The tribe is contracting with a company to develop Apsaalooke language learning software similar to Rosetta Stone, Wilson says. Like some other tribes in the state, such as the Blackfeet, Crow Nation is assembling a website that will serve as a digital hub for language and cultural resources.
Additionally, Wilson will use posters to distribute results of a language fluency survey conducted through the program to raise awareness of the decline.
Crow youth aren't entirely disconnected, but are perhaps distracted, from their culture, Wilson says, though she notes that every person forms their racial identity individually.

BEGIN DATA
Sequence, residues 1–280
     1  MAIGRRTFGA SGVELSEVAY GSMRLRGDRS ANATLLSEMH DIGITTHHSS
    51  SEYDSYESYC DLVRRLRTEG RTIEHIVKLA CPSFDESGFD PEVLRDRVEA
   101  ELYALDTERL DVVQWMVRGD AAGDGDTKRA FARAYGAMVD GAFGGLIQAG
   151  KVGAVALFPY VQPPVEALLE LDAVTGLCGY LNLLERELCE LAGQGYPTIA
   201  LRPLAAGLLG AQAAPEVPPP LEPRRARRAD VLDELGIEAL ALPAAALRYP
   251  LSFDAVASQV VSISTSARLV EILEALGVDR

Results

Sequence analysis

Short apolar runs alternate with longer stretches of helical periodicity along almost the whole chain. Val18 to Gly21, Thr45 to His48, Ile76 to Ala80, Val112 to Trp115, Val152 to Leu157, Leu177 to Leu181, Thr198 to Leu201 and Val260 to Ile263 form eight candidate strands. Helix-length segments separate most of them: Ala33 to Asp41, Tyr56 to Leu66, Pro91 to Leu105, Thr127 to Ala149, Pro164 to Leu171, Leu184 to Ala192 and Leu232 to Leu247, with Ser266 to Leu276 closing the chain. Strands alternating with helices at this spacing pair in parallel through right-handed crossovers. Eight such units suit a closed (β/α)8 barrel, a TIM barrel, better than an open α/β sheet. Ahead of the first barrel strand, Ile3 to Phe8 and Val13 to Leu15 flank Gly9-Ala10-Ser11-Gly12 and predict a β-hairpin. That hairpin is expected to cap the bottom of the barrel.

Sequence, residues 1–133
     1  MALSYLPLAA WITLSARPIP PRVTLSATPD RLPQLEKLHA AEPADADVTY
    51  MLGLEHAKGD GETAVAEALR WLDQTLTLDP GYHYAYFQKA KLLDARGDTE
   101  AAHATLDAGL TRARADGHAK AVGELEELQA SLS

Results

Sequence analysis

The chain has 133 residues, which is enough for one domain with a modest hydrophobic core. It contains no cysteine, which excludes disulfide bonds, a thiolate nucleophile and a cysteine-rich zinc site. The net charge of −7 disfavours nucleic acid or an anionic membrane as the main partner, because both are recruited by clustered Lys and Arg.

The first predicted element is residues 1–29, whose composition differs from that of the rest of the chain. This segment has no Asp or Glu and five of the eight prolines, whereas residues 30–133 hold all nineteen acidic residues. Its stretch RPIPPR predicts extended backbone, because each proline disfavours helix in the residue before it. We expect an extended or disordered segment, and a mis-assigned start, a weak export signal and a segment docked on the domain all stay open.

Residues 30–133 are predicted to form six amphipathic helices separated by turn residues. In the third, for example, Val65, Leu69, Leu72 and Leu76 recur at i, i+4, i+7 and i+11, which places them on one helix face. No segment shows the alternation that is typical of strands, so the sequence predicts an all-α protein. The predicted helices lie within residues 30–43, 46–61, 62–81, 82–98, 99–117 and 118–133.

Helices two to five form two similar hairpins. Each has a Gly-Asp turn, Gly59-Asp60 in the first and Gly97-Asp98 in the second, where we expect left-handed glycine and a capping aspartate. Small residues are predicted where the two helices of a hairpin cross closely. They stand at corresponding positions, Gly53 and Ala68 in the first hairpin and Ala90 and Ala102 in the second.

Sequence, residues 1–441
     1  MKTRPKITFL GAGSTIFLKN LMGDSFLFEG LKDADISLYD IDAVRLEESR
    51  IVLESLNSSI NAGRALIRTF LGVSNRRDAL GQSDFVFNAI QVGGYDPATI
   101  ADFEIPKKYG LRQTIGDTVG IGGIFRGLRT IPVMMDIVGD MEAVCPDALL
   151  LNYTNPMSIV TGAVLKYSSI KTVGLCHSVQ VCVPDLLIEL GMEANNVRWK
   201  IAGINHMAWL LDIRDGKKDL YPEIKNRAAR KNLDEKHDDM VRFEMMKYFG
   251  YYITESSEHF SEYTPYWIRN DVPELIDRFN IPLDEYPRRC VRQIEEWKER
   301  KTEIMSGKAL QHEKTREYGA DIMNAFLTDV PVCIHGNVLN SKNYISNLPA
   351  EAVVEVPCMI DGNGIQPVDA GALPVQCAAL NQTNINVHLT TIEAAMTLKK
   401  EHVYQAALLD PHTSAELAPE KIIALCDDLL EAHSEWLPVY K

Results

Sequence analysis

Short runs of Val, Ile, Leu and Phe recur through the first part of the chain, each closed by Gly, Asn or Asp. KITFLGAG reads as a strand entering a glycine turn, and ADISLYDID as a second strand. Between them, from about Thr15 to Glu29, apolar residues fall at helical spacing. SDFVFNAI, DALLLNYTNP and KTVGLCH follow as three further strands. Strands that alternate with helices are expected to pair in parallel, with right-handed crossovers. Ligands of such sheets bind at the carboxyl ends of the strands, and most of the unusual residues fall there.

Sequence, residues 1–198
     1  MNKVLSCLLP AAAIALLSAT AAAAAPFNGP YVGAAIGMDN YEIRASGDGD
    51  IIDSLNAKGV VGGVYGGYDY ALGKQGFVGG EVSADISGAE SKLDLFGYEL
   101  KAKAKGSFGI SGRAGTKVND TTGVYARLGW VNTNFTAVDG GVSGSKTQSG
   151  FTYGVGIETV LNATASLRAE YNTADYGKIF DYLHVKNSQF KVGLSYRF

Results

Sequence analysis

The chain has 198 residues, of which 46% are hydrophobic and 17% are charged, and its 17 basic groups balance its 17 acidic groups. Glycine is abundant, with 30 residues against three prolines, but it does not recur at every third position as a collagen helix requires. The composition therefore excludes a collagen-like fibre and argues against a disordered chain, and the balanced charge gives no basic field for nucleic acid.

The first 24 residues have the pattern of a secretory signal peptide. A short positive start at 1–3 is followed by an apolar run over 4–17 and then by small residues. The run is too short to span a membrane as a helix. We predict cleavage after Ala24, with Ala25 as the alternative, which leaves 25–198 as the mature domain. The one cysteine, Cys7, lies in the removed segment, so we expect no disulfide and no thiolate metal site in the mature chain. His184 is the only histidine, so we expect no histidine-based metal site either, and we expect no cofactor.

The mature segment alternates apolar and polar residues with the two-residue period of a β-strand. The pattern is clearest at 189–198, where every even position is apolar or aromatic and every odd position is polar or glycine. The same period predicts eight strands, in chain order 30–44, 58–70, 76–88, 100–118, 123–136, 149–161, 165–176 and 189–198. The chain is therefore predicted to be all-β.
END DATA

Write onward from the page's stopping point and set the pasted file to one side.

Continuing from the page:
Sitting next to a yellow school bus, shielded from the hot sun, Wilson explains that the immersion camp — through the reenactment, activities and Apsaalooke lessons — is trying to knit together the Crow's land, culture and language.
"We're just thankful that this is ours, and we're connected to the land," she says. "If our kids could have a grasp of who they are, where they come from and why, they'll be able to fit in this world."
He Crow is now a junior in high school and says she wants to eventually become a nurse on one of the state's reservations. She wants to learn Crow for personal reasons, so she can speak it with elders and family members and "keep the language going."
After this camp, her planned course of study is simple.
"Tell my mom to keep speaking Crow to me," she says.